While Article 3 common to the Geneva Conventions and Additional Protocol II not explicitly provide for international criminal responsibility of persons suspected of having violated their provisions, it is meanwhile well-established that certain acts perpetrated in non-international armed conflict are also war crimes over which States may exercise universal jurisdiction. Proof of this view was most recently given by the inclusion of war crimes committed in internal armed conflict within the jurisdiction of th e International Criminal Court (ICC), and in subsequent work done by the UN Preparatory Commission on the ICC to define the elements of such crimes.
The ICRC believes that appropriate attention in preparation for the World Conference and in the draft conference documents should be given to the issue of combating impunity for violations of international humanitarian law, and to ways of strengthening implementation mechanisms. Moreover, the World Conference should call on States to enact national legislation implementing their obligations under the Geneva Conventions and the two Additional Protocols thereto. Such legislation should, in particular, focus on prohibiting and punishing war crimes and enable application of the principle of universal jurisdiction in the prosecution of these acts. The Conference should also recall the importance of ratifying other international instruments conducive to combating impunity for war crimes, whether committed in international or internal armed conflict, such as the 1998 Rome treaty establishing a permanent International Criminal Court.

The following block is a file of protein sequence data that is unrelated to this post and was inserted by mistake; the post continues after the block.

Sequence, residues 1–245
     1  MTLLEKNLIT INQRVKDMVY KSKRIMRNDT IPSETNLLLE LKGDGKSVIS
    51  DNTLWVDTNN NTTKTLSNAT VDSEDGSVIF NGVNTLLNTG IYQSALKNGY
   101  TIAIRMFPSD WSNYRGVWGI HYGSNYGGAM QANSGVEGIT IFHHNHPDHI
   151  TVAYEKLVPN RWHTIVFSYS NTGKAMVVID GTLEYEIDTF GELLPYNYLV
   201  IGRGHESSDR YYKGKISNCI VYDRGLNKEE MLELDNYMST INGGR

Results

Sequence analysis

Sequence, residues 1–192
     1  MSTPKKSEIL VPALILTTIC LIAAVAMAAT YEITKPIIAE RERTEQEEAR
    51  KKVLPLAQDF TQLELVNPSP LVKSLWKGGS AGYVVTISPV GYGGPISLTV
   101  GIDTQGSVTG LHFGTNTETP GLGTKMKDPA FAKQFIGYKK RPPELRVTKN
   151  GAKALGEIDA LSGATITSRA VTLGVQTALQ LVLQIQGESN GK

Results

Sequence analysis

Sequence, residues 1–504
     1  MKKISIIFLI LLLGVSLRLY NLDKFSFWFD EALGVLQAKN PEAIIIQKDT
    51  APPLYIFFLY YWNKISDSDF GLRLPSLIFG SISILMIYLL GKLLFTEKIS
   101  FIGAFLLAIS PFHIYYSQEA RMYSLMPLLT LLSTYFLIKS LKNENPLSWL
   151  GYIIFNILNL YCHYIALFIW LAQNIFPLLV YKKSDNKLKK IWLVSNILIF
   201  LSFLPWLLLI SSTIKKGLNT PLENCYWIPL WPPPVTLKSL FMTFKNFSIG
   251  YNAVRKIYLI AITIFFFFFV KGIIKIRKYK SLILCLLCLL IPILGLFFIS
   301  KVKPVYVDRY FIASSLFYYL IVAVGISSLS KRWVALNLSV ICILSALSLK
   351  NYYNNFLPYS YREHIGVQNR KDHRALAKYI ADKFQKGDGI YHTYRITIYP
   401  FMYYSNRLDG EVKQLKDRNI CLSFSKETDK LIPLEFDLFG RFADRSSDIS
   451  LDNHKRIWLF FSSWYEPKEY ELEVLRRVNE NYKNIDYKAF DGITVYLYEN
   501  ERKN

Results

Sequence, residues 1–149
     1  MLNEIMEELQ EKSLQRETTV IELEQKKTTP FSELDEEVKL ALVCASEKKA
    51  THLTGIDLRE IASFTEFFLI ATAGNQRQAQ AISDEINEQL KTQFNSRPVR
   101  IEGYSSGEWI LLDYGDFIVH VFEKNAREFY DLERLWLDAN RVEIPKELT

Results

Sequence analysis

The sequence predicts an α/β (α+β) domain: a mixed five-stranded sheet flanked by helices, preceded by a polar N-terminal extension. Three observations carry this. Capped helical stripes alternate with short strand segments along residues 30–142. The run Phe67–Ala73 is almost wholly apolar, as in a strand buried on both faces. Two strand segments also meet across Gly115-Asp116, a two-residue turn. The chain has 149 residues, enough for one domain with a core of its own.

Impartiality as a fundamental principle of the Red Cross and Red Crescent Movement
Non-discrimination is a key element of impartiality, which is one of the seven Fundamental Principles guiding the mission of the International Red Cross and Red Crescent Movement. According to its Statutes, the Red Cross and Red Crescent Movement — of which the ICRC is a component part — “makes no discrimination as to nationality, race, religious beliefs, class or political opinions. It endeavours to relieve the suffering of individuals, being guided solely by their needs, and to give priority to the most urgent cases of distress.” [9 ] This means that all individuals are recognized as equal and must be treated as such, and that the needs of the victims are the only relevant criterion for providing them with assistance and protection.
In addition, according to the fundamental principle of neutrality, the Red Cross and Red Crescent Movement “may not take sides in hostilities or engage at any time in controversies of a political, racial, religious or ideological nature”. [10 ]
While the activities of the International Committee of the Red Cross are based on these fundamental principles, the ICRC believes that it is useful to remind States of the need to enable their continued and consistent application in practice. Conference participants should be aware of the importance of the fundamental principles guiding the Red Cross and Red Crescent Movement — in particular the principles of impartiality and neutrality — and make every effort to ensure that components of the Movement are in all circumstances allowed to carry out their activities in keeping with those principles.